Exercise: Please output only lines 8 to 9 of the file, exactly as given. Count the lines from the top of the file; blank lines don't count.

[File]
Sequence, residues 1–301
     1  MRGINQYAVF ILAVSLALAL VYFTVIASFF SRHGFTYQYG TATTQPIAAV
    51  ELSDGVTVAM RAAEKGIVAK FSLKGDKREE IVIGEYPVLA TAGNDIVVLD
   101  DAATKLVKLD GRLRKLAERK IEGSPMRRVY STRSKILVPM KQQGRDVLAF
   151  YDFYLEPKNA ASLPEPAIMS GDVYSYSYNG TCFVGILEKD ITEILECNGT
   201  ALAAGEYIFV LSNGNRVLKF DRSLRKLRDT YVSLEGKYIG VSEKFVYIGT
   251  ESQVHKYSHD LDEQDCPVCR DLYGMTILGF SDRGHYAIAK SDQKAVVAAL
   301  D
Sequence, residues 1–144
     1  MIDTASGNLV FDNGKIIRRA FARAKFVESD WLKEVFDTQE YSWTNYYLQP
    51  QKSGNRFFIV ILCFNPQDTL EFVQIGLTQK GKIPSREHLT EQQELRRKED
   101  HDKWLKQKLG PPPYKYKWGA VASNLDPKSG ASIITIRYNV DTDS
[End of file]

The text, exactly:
   301  D
Sequence, residues 1–144